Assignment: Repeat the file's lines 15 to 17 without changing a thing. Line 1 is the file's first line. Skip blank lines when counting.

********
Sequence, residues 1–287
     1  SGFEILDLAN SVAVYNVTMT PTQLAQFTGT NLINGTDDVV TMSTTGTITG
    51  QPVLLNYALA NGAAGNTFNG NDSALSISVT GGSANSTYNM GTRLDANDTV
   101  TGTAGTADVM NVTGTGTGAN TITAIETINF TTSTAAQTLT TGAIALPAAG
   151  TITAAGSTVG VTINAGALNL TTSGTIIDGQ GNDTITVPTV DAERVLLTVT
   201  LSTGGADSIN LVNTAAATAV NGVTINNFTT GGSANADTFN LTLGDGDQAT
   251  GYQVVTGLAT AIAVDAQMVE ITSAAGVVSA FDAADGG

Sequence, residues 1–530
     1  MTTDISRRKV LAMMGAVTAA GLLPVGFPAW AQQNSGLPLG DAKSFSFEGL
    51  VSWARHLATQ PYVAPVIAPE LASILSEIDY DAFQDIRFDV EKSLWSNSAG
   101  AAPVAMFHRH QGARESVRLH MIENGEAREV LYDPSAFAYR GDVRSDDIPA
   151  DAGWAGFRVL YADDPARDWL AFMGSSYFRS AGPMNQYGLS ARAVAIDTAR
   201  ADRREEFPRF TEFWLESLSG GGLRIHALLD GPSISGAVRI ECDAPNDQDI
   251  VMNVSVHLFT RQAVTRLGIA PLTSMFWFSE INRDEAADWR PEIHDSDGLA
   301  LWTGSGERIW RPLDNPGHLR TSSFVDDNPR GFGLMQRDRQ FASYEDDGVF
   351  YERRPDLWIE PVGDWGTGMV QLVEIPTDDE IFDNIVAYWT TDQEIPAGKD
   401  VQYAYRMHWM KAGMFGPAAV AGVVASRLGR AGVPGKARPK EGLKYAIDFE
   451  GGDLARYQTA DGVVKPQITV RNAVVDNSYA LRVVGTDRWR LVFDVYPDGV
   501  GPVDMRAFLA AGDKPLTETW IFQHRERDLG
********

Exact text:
   301  LWTGSGERIW RPLDNPGHLR TSSFVDDNPR GFGLMQRDRQ FASYEDDGVF
   351  YERRPDLWIE PVGDWGTGMV QLVEIPTDDE IFDNIVAYWT TDQEIPAGKD
   401  VQYAYRMHWM KAGMFGPAAV AGVVASRLGR AGVPGKARPK EGLKYAIDFE